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Powered by Guardian.co.ukThis article titled “Critical thinking about science and jihadism” was written by Letters, for The Guardian on Monday 7th December 2015 19.38 UTC

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The notion that scientists are easy prey to jihadism is scurrilous because of the false assertion that scientific education is uncritical (Paul Vallely, Opinion, 4 December). Putting aside the issue of whether 18 British Muslims make up a reliable sample, it can be hypothesised that it is more likely that jihadism might be a reaction against the critical scientific approach that denies the veracity of many of the events in the religious texts. What is equally disturbing is that Martin Rose of the British Council fails to understand that science is the very essence of British culture – a culture that has produced, or encouraged, scientists and philosophers of science such as Roger Bacon, Francis Bacon, Newton, Hooke, Boyle, Wallace, Darwin, Rutherford, Crick, Popper and Sanger (to name just a few). Our success in this area comes about because British scientists are critical and question authority.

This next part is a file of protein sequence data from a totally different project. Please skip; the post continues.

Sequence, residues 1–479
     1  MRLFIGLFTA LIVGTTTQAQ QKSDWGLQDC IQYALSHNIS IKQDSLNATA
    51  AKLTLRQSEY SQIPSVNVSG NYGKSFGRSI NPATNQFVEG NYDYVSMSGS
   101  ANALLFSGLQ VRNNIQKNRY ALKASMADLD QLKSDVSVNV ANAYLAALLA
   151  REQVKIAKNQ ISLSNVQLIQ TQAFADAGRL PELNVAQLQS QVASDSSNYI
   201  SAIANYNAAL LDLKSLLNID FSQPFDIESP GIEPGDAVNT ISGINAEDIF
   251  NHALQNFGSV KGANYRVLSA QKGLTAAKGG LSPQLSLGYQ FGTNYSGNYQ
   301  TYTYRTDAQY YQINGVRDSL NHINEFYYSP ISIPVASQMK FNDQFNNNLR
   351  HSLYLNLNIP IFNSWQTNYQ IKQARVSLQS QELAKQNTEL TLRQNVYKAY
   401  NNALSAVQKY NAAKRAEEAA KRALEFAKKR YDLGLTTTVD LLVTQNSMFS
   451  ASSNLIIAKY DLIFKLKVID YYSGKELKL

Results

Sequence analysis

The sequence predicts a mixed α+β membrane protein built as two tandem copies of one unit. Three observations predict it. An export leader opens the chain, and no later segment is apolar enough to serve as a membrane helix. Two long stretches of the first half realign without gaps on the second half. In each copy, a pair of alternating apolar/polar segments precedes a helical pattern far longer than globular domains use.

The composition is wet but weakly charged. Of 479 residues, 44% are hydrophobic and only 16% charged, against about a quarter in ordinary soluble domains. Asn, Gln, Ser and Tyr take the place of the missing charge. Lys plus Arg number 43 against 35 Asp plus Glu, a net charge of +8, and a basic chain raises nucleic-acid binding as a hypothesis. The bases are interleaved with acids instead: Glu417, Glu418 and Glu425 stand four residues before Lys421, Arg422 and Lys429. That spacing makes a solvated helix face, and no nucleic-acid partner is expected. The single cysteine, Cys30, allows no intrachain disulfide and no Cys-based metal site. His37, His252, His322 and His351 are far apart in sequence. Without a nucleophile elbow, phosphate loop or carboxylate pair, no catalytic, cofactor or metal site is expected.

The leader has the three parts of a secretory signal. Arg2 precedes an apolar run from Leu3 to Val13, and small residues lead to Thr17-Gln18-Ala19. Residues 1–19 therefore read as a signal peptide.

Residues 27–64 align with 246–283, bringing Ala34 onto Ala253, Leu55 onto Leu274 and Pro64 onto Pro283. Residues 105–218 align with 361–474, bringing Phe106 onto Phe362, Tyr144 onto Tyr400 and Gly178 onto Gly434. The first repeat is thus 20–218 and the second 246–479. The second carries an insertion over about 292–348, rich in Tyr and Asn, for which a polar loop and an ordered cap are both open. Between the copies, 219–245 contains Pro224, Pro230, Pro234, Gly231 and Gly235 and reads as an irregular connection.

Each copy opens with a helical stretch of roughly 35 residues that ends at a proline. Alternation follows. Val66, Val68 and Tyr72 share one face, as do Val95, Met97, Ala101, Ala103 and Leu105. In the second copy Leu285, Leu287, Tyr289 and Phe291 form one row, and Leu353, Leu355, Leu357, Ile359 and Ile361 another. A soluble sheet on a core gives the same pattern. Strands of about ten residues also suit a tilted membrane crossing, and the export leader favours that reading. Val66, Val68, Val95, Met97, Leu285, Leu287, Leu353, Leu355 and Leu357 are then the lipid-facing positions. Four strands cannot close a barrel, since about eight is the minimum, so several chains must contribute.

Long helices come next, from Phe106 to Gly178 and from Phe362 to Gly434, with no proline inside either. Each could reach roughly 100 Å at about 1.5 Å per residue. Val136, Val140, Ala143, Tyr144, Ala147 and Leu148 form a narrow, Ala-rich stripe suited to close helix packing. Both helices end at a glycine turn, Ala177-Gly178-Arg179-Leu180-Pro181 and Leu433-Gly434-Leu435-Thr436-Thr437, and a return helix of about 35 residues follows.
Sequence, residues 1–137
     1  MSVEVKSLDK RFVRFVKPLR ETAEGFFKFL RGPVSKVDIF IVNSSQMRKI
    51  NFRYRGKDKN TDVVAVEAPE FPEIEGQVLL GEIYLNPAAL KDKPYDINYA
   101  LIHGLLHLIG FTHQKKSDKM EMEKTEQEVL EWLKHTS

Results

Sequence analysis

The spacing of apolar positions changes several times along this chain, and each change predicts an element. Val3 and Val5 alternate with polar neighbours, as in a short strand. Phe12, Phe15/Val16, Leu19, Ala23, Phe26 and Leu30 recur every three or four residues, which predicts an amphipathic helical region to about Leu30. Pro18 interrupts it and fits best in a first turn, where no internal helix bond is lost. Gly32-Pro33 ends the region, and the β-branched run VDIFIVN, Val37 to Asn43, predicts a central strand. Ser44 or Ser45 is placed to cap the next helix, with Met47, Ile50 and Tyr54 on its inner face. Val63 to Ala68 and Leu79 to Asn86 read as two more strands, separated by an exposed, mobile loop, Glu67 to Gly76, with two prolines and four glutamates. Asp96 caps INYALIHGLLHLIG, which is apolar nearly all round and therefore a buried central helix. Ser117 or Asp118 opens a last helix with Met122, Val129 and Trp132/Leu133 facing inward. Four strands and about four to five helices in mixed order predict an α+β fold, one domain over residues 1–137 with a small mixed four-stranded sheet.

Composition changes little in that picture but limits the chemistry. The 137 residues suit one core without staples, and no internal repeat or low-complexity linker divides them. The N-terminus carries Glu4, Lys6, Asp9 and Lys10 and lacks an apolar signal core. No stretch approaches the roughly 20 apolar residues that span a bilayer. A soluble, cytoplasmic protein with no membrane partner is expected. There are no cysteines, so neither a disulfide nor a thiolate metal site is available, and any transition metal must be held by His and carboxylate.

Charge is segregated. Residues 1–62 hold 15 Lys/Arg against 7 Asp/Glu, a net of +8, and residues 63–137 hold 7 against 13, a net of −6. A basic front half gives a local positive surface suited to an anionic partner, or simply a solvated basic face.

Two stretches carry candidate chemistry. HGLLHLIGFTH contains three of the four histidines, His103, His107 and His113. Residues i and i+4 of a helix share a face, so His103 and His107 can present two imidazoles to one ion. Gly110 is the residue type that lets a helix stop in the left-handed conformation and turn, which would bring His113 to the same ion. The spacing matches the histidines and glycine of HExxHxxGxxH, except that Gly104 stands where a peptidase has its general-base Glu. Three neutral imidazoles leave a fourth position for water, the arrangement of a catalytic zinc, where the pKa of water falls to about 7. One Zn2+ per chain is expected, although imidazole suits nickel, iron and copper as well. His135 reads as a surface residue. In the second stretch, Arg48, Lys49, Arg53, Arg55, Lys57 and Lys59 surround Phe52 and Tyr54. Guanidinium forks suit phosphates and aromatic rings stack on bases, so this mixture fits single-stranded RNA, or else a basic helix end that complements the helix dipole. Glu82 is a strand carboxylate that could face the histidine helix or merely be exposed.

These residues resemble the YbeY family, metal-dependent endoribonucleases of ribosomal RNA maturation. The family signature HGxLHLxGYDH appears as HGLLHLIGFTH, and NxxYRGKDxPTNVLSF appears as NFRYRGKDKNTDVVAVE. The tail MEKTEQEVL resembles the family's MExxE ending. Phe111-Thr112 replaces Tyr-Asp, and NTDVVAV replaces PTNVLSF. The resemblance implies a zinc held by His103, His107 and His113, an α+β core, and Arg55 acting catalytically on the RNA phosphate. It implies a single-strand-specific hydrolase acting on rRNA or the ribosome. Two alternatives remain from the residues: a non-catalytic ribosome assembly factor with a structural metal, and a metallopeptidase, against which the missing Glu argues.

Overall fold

Professor Bernard John Moxham
Cardiff

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• In the 12th century, Islam, Christianity and Judaism coexisted peacefully in the Spanish city of Cordoba, where, in the museum celebrating this fact, the Muslim philosopher Averroes (Ibn Rushd) is quoted as telling his pupils the most frequently repeated teaching of the Qu’ran is “to make the effort to think things out for yourselves”. Wise words to counter the UN report that “Arab education curriculums seem to encourage submission, obedience, subordination and compliance, rather than free critical thinking”, and to back up Paul Vallely’s conclusion that students “require input … to open up to them the richness of Islamic traditions that constituted the religion before the arrival of oil-rich Salafi fundamentalism”. This would seem to be an urgent issue for Muslim educators to address.
Marjorie Drake
Preston

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• I must protest at the preposterous assertion that there is an “engineering mindset” that is unwilling to argue with authority. Engineering and science exist to discover how the world works even if the results upset the establishment. If they hadn’t argued with “authority” we would still believe that Earth was specifically created for the benefit of man 6,000 years ago, and that it is at the centre of the universe.
John Ashwell
Eastleigh, Hampshire

• Join the debate – email guardian.letters@theguardian.com

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